Moreover, you can also find legit friends and potential business partners here through in-app features like Bumble BFF and Bumble Bizz, respectively. Furthermore, this app is LGBTQ+ friendly, and most people I know prefer using Bumble over Tinder.
- Noondate (App Store, Google Play)
Even though this app is specifically designed for Korean users, this South Korean dating app has a translation feature that lets you talk to locals with much more ease. Additionally, it presents two people with the same interests as you every day at noon. Choose one of them, and hopefully they’ll “like” you back.
- Grindr (App Store, Google Play)
Americans are probably most familiar with this app. This is another LGBTQ+ friendly app that gives you a set of matches nearby and from other parts of the world. The goal is that you will find someone whose interests highly align with yours, because no matter what distance, love will prevail.
There is also another gay dating app called Jack’D, and it works just as well as Grindr, but most of the Koreans you will meet there only speak Korean. So if you are not that confident with your Korean language skills, then you’re better off using Grindr.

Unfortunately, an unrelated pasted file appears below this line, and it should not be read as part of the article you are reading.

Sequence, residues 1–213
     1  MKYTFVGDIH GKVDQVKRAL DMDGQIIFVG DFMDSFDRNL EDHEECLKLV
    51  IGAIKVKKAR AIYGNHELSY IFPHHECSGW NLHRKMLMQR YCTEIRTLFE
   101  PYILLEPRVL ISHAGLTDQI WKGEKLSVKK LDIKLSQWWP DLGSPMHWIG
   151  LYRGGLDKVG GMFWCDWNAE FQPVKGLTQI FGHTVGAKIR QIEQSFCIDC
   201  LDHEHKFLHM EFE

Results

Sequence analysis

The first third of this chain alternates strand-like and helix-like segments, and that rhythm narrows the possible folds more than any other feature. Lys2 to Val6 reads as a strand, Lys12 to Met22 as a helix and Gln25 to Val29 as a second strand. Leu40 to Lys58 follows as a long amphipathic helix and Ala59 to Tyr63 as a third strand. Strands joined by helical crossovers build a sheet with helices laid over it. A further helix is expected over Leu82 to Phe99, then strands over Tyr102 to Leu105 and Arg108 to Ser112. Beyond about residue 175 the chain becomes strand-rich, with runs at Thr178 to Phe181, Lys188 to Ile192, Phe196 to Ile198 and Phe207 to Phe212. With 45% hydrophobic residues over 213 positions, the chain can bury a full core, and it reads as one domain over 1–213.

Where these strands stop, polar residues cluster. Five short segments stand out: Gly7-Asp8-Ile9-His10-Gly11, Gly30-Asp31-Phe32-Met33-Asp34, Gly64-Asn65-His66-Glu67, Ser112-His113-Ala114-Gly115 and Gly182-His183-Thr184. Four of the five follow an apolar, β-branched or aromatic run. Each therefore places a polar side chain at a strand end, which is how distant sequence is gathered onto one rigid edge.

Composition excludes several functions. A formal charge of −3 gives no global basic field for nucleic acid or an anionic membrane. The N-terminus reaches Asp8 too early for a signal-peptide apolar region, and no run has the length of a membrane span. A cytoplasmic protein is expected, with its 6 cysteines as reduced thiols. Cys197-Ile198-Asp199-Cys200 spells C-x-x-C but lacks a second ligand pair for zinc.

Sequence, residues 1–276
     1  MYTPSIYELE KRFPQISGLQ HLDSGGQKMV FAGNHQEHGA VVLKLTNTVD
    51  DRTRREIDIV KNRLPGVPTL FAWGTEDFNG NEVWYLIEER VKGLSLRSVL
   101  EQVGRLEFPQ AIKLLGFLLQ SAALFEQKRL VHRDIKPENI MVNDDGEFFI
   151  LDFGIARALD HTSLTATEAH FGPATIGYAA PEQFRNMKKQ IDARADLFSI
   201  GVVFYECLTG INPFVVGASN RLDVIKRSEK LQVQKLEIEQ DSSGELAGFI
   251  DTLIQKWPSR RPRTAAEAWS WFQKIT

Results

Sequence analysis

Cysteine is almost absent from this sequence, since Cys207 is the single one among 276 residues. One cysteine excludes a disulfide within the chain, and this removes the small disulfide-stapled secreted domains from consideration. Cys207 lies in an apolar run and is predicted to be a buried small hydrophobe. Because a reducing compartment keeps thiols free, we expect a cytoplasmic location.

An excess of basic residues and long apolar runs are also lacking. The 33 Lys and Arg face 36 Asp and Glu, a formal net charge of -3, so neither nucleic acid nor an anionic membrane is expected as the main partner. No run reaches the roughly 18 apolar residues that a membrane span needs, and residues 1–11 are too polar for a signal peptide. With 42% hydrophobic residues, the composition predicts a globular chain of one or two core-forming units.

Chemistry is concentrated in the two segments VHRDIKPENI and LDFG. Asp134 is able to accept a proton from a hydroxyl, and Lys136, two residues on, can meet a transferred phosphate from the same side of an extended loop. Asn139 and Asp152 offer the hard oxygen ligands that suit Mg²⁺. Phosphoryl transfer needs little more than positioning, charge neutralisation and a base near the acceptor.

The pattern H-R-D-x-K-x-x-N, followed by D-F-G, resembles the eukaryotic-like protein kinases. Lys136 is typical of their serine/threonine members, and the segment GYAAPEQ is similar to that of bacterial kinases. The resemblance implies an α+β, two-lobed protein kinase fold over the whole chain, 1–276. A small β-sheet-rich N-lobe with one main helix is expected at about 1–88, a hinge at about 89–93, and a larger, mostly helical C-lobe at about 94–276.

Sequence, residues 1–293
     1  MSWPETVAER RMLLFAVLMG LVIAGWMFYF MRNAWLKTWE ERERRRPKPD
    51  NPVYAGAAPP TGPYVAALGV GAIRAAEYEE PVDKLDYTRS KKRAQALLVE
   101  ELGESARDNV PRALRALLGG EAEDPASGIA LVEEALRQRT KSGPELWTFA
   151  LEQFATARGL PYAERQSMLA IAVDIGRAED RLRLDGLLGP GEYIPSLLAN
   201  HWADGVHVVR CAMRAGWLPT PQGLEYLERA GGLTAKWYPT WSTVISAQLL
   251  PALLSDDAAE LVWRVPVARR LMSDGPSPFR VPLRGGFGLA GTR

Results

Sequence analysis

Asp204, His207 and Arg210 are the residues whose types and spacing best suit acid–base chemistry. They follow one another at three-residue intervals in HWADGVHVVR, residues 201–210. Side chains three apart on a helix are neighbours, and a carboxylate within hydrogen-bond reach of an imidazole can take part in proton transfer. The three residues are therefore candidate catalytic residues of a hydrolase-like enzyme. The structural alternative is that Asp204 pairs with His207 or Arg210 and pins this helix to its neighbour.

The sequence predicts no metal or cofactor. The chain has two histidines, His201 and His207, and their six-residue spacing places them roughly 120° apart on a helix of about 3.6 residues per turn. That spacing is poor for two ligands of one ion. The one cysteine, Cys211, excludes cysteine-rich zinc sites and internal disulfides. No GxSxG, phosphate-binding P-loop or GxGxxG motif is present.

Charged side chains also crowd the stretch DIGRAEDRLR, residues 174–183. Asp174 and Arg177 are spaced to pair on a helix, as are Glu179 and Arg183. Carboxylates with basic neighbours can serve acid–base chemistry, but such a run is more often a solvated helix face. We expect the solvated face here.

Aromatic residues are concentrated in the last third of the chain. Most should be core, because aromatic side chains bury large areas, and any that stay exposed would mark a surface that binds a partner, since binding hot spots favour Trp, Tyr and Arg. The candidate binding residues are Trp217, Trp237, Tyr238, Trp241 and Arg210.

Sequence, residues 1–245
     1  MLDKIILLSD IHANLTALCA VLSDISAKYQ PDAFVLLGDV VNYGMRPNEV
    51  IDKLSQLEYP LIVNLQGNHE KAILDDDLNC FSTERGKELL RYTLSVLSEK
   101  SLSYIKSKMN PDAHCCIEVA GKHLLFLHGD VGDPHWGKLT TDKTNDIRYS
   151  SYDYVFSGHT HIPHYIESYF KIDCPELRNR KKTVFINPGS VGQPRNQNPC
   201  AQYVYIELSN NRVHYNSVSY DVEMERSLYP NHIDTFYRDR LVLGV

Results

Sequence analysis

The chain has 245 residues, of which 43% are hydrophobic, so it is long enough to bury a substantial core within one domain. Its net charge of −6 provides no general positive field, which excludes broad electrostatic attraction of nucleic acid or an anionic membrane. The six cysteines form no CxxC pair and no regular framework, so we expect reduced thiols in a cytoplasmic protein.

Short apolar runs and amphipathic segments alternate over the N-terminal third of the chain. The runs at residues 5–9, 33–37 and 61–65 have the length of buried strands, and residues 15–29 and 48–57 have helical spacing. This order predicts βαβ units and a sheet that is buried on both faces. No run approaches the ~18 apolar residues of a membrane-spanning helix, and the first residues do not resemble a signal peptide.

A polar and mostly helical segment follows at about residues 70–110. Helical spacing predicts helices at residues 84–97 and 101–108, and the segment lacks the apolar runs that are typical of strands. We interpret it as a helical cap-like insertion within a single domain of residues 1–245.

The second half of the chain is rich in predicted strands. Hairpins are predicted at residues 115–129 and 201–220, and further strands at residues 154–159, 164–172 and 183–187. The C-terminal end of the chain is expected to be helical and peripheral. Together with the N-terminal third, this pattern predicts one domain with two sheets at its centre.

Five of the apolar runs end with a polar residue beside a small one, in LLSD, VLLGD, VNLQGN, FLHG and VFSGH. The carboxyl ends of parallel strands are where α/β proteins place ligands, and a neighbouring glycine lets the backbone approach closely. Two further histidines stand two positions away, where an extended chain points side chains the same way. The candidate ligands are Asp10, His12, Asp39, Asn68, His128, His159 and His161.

If any of these apps don’t work for you, maybe you can try asking some of your Korean friends to introduce you to their single friends. When Koreans do this for each other it’s called sogaeting, which is another way to meet new friends and potential love interests.
Another recommendation that tends to work is meeting locals through language exchange meetups in Gangnam, Itaewon, and Hongdae. There are apps that make this possible like HelloTalk and Meetup, but they’ll only help you find the places; you need to do the meeting & greeting.
Also, if you have used any of the LGBTQ+-friendly apps above, note that most Koreans are still in the closet due to homophobia, so it’s likely that the people on these apps are interested in hookups only. If you really want to date someone LGBTQ+ in Korea, it’s best to ditch the apps and go to the areas of Seoul where they frequent.
Lastly, another piece of advice, you definitely have to be careful if you decide to go drinking with strangers in Korea through dating apps. There are many cases of assault when drunk, and Korean men have been known to use this as a defense if accused by an expat of any kind of assault or other crime.
Still, this isn’t the case all the time, because there are plenty of good fish in the sea. But it definitely warrants the need to always update your friends, host family (if you have one), or a trusted person in Korea as to where you’ll be.
You can also download Life360, an app that lets people monitor where you are should you ever leave your home, but be very careful who you give that permission to.